The squabbling over whether Modern Monetary Theory is a Copernican revolution for public policy or a load of nonsense hasn’t been very enlightening. The prevailing sentiment in both camps — “You just don’t get it” — is a declaration of faith that hardly inspires confidence in economics as a science.
Many years ago, at the height of policy makers’ interest in “monetarism,” I worked in the U.K. Treasury, helping produce short-term forecasts of the money supply. This exercise didn’t use the Treasury’s economic forecasting model but instead estimated financial flows using sectoral balance sheets, flows of funds, and accounting identities. Everything added up; each sector’s surplus was another’s deficit. It was much like doing MMT, before the term existed.
This flow-of-funds perspective jarred violently with the standard textbook treatment. Our tables made it clear, for instance, that the monetary base (currency plus central-bank reserves) wasn’t a policy variable, as textbooks back then asked you to believe; it moved around to reflect the public sector’s deficit, among other things. And the spreadsheets showed how government spending could be self-financing — which is MMT’s central claim. Together with the central bank, the Treasury can create new money by the very act of spending it.
Accounting identities can’t be wrong. So MMT rightly asks, why is public borrowing a problem? Come to think of it, why does the government need to borrow (or collect taxes, for that matter) in the first place? The basic answer is it doesn’t need to. The issuer of a currency can issue as much as it likes. The only constraint, says MMT, is the capacity of the economy to meet demand. If the government spends too much, the excess of demand will cause inflation.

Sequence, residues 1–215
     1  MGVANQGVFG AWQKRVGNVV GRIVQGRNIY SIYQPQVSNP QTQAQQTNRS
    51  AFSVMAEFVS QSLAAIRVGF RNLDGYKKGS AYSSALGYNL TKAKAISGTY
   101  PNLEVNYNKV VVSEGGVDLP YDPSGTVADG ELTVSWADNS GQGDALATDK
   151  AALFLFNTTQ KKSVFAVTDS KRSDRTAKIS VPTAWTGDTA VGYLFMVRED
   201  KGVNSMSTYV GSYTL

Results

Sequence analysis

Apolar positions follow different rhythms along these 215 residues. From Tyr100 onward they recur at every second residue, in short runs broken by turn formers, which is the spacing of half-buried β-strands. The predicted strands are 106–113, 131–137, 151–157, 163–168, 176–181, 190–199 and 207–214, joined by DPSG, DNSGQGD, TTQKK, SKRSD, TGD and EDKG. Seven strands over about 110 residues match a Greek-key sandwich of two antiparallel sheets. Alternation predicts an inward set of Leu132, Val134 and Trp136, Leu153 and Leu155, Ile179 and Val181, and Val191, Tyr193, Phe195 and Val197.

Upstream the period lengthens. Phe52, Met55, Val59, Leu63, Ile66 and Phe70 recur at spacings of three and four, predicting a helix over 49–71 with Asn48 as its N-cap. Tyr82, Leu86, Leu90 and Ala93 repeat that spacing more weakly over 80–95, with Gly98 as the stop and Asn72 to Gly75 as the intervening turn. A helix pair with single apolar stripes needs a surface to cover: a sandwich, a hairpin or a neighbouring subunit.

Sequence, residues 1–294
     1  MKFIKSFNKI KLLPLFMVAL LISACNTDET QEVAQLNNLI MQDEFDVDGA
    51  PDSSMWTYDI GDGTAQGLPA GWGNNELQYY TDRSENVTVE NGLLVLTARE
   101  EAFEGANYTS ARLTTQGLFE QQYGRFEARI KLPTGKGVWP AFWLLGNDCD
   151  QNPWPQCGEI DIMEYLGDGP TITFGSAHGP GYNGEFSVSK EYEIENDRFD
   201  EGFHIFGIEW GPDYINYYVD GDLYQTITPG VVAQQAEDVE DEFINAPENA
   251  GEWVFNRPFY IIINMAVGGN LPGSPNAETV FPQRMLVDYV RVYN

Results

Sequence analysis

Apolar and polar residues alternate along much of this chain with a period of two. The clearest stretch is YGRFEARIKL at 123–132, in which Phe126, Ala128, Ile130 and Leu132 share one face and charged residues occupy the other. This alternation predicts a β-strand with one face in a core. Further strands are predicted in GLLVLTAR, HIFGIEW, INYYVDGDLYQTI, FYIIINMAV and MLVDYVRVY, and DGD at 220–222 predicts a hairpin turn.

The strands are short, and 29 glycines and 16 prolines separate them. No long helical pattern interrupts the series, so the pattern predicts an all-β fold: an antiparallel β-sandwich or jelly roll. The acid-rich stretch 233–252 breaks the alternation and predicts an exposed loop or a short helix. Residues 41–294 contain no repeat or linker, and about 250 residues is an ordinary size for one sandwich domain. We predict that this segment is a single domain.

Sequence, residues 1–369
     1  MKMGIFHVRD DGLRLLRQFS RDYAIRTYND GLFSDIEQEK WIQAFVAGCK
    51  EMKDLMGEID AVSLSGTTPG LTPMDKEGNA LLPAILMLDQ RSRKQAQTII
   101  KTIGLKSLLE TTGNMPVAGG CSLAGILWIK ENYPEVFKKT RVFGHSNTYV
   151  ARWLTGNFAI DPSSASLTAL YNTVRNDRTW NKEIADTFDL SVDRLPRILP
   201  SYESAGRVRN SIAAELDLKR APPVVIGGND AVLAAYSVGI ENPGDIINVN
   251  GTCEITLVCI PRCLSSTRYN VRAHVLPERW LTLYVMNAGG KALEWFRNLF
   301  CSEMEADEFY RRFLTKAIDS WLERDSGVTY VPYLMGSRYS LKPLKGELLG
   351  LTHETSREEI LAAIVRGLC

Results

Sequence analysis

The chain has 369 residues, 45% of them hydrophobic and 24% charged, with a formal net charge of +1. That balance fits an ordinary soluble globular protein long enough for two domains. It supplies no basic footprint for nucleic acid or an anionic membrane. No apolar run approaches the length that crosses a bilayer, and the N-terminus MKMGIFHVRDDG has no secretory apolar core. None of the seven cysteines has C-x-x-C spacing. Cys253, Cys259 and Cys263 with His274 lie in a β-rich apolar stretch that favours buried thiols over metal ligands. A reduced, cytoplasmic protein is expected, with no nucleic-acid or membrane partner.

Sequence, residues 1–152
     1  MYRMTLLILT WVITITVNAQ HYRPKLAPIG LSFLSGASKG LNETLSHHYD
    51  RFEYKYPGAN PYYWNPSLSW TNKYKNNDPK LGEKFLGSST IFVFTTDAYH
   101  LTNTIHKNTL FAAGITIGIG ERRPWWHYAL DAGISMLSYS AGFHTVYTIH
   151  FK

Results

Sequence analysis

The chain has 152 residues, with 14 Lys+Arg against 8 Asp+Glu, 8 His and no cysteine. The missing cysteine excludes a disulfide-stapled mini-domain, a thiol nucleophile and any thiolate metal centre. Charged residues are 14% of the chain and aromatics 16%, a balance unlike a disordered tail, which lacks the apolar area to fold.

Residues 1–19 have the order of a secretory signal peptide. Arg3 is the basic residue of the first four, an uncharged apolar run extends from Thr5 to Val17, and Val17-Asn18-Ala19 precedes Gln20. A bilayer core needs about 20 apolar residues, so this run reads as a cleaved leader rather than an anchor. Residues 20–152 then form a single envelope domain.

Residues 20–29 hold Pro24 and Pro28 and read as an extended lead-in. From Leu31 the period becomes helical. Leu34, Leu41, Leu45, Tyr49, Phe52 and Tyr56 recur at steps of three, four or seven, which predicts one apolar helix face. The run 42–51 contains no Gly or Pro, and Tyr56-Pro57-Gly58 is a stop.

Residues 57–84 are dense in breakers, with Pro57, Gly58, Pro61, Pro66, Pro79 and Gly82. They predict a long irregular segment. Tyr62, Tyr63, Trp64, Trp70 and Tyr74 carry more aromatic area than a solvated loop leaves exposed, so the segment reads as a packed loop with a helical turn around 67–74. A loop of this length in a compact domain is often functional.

It all leads inexorably to the view that it is not possible for the government to spend “more than it can afford.” There’s no limit to what it can “afford.” The only concern is that its spending might turn out to be inflationary.
This is illuminating — and, up to this point, not really at odds with orthodox macroeconomics. Mainstream economists know that central banks can create money, and that’s why a household budget is a bad analogy for the government’s budget. On this, the two sides agree.
Yet mainstream economists also concern themselves with the sustainability of government finances. MMTers mock such talk — but they’re mistaken for two reasons. The first is that the risk of inflation is itself a constraint on unbounded government spending. The other is that one of the main purposes of a central bank — indeed, it is part of the U.S. Federal Reserve’s mandate — is to control inflation. MMTers ignore this fact, then fail to reckon with the implications.
The Fed is about to raise interest rates to curb inflation, which continues to surge. Using monetary policy to restrain demand means the Fed can’t permanently monetize government spending. This puts fiscal sustainability back on the table. Policy makers now have to ask: What is the outlook for growth, interest rates, deficits and debt? Suppose the Fed succeeds in containing inflation but the government maintains its spending. Will higher interest rates cause public debt to grow faster than the economy — faster than might be sustainable?